[WireGuard] auth-only wireguard

Jason A. Donenfeld Jason at zx2c4.com
Thu Oct 6 19:35:48 CEST 2016

On Thu, Oct 6, 2016 at 6:34 PM, Jehan Tremback <jehan at altheamesh.com> wrote:
> Let me be more specific about my application. I'm trying to create a
> system where routers in a "mesh" network (mixed ad-hoc wifi and
> ethernet) pay their neighbors, or are paid by their neighbors for
> bandwidth. To make this happen, I've got to be able to identify traffic
> from specific neighbors with something less spoofable than MAC
> addresses. Creating tunnels between neighbors fits the bill for now, and
> gives me a good handle to apply traffic shaping to different neighbors.
> The encapsulating tunnel packet will have the source IP address of the
> previous hop neighbor, and will be sent to the next hop neighbor, and
> can be prioritized . Authentication keeps anyone from spoofing addresses
> and stealing bandwidth.

And encryption keeps various neighbors traffic hidden from passive
eavesdroppers. Do your customers a service; encrypt their traffic
wherever possible.

> Anyway, I'm experimenting with fastd right now, and it's working, but
> WireGuard seems like a very nicely designed and executed piece of
> software so I thought I'd ask. I understand that WireGuard is designed
> to be very focused on a traditional VPN server usecase, so more
> configurability may not be something you want to support.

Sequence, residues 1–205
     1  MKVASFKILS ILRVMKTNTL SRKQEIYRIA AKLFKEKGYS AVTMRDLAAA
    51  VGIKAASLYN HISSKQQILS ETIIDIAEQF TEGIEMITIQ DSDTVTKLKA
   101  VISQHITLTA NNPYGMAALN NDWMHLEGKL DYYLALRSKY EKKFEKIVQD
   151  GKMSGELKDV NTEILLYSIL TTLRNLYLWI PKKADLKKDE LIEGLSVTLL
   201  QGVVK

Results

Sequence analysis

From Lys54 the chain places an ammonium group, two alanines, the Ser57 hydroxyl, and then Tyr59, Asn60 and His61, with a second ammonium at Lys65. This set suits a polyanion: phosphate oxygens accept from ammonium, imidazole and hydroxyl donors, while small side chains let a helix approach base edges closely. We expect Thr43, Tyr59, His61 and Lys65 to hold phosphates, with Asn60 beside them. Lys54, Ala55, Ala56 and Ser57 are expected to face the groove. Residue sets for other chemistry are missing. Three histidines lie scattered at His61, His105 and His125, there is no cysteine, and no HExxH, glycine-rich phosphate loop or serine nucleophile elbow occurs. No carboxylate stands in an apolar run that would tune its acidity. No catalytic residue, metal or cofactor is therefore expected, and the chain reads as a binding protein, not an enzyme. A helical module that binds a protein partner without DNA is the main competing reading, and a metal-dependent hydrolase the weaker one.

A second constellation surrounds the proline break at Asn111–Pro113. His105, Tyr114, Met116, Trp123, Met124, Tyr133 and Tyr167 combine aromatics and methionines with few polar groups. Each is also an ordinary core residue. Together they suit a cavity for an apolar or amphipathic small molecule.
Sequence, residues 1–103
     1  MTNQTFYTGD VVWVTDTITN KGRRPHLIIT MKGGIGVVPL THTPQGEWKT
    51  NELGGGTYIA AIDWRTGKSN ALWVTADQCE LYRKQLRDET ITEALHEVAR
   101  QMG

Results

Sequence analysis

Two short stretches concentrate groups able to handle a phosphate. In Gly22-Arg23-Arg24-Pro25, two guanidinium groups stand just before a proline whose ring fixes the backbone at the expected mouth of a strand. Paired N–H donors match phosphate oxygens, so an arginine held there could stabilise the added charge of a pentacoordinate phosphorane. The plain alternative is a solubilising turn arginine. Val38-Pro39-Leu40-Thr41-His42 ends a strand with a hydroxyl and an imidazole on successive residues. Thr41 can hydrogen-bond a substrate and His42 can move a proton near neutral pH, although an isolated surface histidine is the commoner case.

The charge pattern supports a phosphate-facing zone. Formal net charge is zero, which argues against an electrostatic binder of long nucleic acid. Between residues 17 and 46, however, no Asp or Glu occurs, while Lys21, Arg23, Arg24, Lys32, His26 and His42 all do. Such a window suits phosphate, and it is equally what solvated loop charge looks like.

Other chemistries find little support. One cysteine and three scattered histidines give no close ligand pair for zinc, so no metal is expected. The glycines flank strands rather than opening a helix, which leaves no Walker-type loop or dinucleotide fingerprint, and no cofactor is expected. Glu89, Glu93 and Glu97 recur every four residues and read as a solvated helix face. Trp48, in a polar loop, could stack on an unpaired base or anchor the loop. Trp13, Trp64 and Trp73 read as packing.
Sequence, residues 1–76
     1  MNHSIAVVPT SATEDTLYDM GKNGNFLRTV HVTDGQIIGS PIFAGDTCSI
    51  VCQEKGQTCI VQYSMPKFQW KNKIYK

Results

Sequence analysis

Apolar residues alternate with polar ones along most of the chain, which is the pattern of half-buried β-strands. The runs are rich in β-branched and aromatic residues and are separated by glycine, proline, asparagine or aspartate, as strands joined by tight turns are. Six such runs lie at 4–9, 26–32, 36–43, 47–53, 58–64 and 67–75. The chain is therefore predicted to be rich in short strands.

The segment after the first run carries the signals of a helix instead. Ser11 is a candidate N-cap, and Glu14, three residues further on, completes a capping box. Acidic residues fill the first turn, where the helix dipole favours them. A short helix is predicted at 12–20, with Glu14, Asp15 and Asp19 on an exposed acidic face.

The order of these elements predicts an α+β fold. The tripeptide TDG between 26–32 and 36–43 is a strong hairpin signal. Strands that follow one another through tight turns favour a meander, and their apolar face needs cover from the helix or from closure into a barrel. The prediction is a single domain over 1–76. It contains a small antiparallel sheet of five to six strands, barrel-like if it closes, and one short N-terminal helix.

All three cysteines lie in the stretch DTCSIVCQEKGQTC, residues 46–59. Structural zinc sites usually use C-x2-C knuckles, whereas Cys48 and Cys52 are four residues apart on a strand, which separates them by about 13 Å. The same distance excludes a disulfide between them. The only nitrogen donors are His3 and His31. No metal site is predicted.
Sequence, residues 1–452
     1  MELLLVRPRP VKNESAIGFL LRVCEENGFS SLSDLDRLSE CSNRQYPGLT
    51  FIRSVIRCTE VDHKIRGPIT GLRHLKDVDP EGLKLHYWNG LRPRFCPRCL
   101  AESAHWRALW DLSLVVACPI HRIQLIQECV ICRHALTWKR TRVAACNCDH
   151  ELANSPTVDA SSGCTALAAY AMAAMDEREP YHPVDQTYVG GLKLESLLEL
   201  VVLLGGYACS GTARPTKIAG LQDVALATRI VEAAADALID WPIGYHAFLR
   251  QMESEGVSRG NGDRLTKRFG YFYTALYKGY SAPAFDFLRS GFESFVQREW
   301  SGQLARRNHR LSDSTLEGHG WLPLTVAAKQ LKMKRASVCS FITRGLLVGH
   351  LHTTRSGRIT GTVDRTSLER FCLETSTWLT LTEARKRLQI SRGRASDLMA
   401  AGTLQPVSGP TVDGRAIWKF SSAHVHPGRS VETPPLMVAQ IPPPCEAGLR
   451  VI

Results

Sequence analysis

WireGuard isn't very focused on any particular use case. It certainly
aims to be something directly applicable for what you have in mind.
Recently we've been talking with a large community run ISP that
extends across Germany that does some interesting and complicated mesh
networking to bring affordable internet everywhere. They're currently
using fastd, too, but I believe are in a transition to WireGuard,
because the performance is substantially better than fastd.

>> Without encryption you authentication won't be useful against attackers
>> that can modify packets or insert packets with the source address of your
>> contact.
> Isn't this exactly what authentication prevents? If the signature does
> not match the sender and the packet content, it will fail authentication
> by definition, at least by any definition of authentication that I am
> familiar with.

I was confused by Bruno's statement too with more or less your exact
same reaction.

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